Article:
The botanical extract honokiol, a biologically active molecule isolated from the bark of Magnolia spp., holds promise as an adjunct treatment for aggressive bladder and kidney cancers, as reported in two new studies. New research on honokiol in bladder cancer was presented at the American Association for Cancer Research (AACR) Annual Meeting 2015. Research on honokiol's effect on renal cancer metastasis was published in the April 2015 issue of the International Journal of Oncology.
The preclinical in vivo study, "Honokiol inhibits bladder tumor growth by suppressing EZH2/miRNA-143 axis," was conducted at Nanjing University, China, and looked specifically at the ability of honokiol to reduce the expression of the enzyme EZH2. A histone methyltransferase, EZH2 is known to play essential roles in cancer cell proliferation, survival, invasiveness and stem cell maintenance in urinary bladder cancer. This study demonstrated honokiol's ability to reduce the expression of EZH2, which also correlated with declines in other proteins involved in cancer invasiveness. These results were presented today at the AACR Annual Meeting 2015, in Philadelphia, PA.
"This study demonstrated that honokiol significantly inhibited bladder cancer aggressiveness and tumor progression, adding to the large body of anti-cancer data on this botanical extract," states principle investigator, Jun Yan. "The inhibition of bladder cancer stemness can effectively support against cancer relapse and metastasis, making honokiol an important adjuvant in the prevention and treatment of aggressive bladder cancer, as well as other cancers."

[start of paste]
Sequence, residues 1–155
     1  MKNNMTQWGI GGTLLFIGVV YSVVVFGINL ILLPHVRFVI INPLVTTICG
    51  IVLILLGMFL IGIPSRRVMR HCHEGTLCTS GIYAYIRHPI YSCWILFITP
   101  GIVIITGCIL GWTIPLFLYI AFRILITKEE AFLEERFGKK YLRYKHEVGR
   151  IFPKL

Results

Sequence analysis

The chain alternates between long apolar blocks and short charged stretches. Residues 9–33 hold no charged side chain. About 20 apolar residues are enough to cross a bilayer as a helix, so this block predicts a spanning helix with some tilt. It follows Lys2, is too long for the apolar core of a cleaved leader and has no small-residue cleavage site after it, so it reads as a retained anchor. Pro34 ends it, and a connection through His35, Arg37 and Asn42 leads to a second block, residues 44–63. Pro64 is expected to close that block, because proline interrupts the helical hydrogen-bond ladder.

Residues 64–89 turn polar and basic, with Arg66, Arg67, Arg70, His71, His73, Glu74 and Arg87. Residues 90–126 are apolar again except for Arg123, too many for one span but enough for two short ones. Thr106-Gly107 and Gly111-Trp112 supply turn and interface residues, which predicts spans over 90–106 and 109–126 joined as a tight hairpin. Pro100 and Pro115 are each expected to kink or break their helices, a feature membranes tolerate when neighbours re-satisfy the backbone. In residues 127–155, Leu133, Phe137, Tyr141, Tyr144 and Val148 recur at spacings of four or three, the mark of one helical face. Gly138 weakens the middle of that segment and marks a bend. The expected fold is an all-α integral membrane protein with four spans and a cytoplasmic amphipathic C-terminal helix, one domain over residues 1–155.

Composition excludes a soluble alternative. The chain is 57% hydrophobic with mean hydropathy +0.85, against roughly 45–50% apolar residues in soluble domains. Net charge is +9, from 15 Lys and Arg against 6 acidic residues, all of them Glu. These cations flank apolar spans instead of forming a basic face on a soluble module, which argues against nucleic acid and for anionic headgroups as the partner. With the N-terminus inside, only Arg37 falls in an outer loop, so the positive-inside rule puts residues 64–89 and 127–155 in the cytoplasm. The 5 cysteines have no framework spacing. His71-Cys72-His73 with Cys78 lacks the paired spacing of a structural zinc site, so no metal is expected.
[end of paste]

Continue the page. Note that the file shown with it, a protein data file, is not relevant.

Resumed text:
The preclinical in vitro study on honokiol and renal cancer cell metastasis, "Honokiol suppresses metastasis of renal cell carcinoma by targeting KISS1/KISS1R signaling," was conducted at the Cancer Research Laboratory, Methodist Research Institute, Indiana University Health, IN. Results from this study, published in the International Journal of Oncology, showed honokiol suppressed metastasis in aggressive renal cell carcinoma (RCC), in a dose-dependent manner. Specifically, researchers found that honokiol markedly upregulated the metastasis-suppressor gene (KISS1) and its receptor (KISS1R), in the highly metastatic renal cancer cell line, 786-0. This is critical, since 25-30% of patients with RCC have metastatic spread by the time they are diagnosed, with 5-year survival rates <10%.
"Previous studies have confirmed honokiol targets multiple signaling pathways involved in cancer proliferation: NF-kB, STAT3, mTOR, EGFR and others. This new study demonstrating honokiol's ability to upregulate the metastasis-suppressor gene KISS1 in aggressive renal cancer cell lines, adds to our understanding of the diverse protective actions that honokiol performs at the cellular and genetic levels," states Dr. Isaac Eliaz, MD, MS, LAc, (Amitabha Medical Clinic, Santa Rosa, CA), one of the lead investigators involved in this study. "Given honokiol's diverse mechanisms against cancer, including synergy with certain chemotherapy drugs and inhibition of multi-drug resistance, progression to clinical trials is urgently needed to explore this unique compound as a viable adjunct treatment against multiple types of cancer."